In general, the replacement process in the Rhineland - i.e. the transition from a regional to a supra-regional writing language - was favored by several factors. As early as the 15th century, documents intended for recipients outside the Rhineland were used to identify an orientation towards their linguistic usage: For example, Cologne writers used High German writing variants when they wrote to an addressee in Strasbourg, Nuremberg or Augsburg. In a letter from 1424 to the Council of Strasbourg it says: So we have dear friends uch zo ere […] – to have instead of Ripuarian grove or (less often) haven, love instead of leven or lieven; in the further course of the text are still in addition and waz instead of dat and wat, and instead of ind as ot instead of yet. There were two reasons for these adjustments: On the one hand, the Cologne writers were aware of the regionally limited validity of their writing language, they had to assume that Bavarian recipients would not understand them completely. On the other hand, the writing languages ​​of southern Germany had a higher reputation than the Rhenish ones; this difference in prestige also led to an orientation towards the "better" variety.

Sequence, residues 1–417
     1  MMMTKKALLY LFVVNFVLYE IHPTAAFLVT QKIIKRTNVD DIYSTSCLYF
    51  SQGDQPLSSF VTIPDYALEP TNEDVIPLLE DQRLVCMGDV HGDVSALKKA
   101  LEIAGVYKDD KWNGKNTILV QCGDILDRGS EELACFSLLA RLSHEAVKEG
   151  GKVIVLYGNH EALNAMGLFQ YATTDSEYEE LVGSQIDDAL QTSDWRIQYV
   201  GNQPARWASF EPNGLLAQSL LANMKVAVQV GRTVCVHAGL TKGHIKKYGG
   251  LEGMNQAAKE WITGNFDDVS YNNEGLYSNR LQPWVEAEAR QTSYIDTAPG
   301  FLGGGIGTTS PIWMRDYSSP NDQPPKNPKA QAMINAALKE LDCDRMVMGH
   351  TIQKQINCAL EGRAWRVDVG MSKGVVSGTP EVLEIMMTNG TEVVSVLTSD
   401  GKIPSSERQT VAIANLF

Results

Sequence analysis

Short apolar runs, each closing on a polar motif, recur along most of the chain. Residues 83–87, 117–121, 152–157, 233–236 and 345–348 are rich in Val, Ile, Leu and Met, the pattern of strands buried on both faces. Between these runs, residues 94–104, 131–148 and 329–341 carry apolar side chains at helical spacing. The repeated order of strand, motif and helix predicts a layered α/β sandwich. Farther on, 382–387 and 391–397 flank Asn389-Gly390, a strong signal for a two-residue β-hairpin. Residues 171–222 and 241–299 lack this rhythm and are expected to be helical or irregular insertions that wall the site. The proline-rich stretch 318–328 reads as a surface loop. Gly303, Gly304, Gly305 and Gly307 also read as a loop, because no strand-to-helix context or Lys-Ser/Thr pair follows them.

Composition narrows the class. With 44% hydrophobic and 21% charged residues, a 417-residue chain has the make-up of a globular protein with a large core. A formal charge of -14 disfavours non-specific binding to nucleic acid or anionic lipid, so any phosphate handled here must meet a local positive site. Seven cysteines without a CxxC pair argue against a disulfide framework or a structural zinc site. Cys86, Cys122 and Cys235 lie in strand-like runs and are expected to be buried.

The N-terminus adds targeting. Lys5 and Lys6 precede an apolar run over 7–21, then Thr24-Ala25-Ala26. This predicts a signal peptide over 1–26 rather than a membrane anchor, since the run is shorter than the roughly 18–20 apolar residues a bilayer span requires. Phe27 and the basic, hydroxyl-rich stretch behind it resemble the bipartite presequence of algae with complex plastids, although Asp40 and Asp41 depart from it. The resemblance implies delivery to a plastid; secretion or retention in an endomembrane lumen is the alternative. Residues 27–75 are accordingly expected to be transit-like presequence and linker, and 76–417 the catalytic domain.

Letter from the Cologne Council Chancellery to the City Council of Strasbourg